(Courtesy: Mini Technology by BR Saubolle and Andreas Bachmann, 1978 Sahayogi Press and New Himalayan Water Wheels by Andreas Bachmann and Akal Man Nakarmi, 1983)
Multi-Purpose Power Unit
The unit is made of metal and comprises of three detachable segments to make it easy to carry to remote locations. The MMPU can simultaenously grind grain, generate electricity and hull rice. The increase in speed and power is due to the greater efficiency of the blade design, and the improved design of the penstock and bearings. The MPPU is versatile and can run either as a turbine only to generate electricity, or mill only or do all the work simultaneously.
"After my time, I don't know if my son will run the mill or sell it off."
I am known as Saila Baajey in the village. My registered name is Lal Bahadur Majhi. I must be between 60-65 years old. I have a family of nine. My son, daughter-in-law, my brother and his wife stay at home. I look after this ghatta [watermill].
This watermill was registered in 1952. As a child I enjoyed following my father here. I am now old and long for the comforts of home. This place is cold and I have no bed.
Earlier, on some days, up to 20-25 people came here. This number has gone down a lot after many motor-driven mills were installed in the area. These mills are ten times faster. Obviously they would be, a machine is a machine, after all; ours is a stone mill. And last night the water canal got damaged. One cannot do repairs at night, so water was diverted to the mill only this morning.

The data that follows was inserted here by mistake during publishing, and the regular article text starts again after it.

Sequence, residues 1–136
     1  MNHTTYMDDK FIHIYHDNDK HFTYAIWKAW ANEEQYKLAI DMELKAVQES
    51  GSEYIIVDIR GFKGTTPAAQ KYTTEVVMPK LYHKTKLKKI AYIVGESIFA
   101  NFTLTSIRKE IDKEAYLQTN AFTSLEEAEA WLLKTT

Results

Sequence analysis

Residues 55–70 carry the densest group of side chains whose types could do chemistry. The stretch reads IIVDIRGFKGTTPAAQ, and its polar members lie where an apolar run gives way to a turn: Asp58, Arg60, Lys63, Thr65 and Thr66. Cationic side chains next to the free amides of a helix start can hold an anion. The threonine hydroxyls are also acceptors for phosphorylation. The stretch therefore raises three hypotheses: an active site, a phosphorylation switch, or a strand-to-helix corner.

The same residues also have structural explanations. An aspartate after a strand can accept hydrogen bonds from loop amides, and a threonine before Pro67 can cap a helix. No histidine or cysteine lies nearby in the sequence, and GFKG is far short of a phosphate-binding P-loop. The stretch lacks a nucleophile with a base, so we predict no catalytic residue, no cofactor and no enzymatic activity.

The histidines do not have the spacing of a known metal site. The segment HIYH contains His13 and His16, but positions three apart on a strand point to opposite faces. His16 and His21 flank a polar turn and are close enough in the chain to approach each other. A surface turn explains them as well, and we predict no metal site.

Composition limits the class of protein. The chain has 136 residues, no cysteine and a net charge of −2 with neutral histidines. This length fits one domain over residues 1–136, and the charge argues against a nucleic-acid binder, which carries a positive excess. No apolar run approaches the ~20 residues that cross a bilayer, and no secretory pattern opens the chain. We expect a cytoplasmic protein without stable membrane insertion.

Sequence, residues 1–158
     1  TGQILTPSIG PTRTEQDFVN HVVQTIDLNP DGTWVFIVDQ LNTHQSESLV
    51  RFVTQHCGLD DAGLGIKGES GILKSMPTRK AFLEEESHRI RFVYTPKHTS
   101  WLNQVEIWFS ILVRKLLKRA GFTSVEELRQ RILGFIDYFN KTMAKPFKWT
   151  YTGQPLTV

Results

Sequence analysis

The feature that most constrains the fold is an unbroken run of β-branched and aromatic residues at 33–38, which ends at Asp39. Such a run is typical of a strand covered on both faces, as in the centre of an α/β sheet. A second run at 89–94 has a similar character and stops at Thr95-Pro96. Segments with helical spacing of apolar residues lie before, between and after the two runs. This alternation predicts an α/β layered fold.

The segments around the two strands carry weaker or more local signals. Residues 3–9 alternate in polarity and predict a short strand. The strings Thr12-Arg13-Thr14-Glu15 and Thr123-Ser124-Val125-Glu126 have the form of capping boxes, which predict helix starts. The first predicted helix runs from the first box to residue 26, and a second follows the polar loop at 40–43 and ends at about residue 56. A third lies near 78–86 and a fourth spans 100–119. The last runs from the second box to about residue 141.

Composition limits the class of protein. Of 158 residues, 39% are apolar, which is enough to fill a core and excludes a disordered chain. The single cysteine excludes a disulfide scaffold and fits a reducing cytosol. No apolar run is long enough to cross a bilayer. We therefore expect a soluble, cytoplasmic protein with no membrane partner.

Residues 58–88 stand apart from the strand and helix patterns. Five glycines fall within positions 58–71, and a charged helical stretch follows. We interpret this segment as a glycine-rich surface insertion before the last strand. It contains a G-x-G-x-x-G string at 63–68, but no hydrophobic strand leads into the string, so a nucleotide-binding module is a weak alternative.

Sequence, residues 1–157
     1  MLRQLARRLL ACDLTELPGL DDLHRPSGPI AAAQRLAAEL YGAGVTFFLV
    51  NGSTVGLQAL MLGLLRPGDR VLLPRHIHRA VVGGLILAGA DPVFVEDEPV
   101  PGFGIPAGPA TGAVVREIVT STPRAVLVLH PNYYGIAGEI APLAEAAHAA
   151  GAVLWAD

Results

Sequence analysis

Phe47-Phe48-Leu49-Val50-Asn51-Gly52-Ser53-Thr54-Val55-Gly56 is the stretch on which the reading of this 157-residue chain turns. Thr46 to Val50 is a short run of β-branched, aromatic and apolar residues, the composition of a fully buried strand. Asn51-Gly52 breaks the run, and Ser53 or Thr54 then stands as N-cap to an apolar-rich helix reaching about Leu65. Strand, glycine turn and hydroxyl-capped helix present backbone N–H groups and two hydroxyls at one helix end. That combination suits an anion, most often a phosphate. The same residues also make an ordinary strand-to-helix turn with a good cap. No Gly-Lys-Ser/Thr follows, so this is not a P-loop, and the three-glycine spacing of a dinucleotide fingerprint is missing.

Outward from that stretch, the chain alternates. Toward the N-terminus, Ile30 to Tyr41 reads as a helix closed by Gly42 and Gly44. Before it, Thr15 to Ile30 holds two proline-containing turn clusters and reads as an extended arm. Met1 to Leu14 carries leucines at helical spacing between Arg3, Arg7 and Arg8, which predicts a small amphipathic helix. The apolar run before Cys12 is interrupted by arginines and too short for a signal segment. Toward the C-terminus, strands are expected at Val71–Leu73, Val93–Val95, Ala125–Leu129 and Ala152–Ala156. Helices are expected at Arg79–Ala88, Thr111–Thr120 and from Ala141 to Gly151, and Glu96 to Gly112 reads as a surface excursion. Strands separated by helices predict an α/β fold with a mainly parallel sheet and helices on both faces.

My father and uncle both worked in this mill; there were three shares in it then. With a son and grandson, there were more divisions, and now the mill is shared among five. We charge one pathi for every muri we grind. This is shared among five. That is enough for here, but it is not enough for the home. People at home work on the farm. There is little land. That's how it is; it's not like in the tarai here. You farm two to four terraces. You start off from one end harvesting maize but there isn't even a basketful when you get to the other end. Working on the farm is tough. It is very hard work, but there is very little crop to harvest. Running the watermill is not easy either. It is only done because it is said that a son must follow in the footsteps of the father. That's all. I lived here at the mill, now my son and grandson will stay here. What to do, there's nowhere else to go.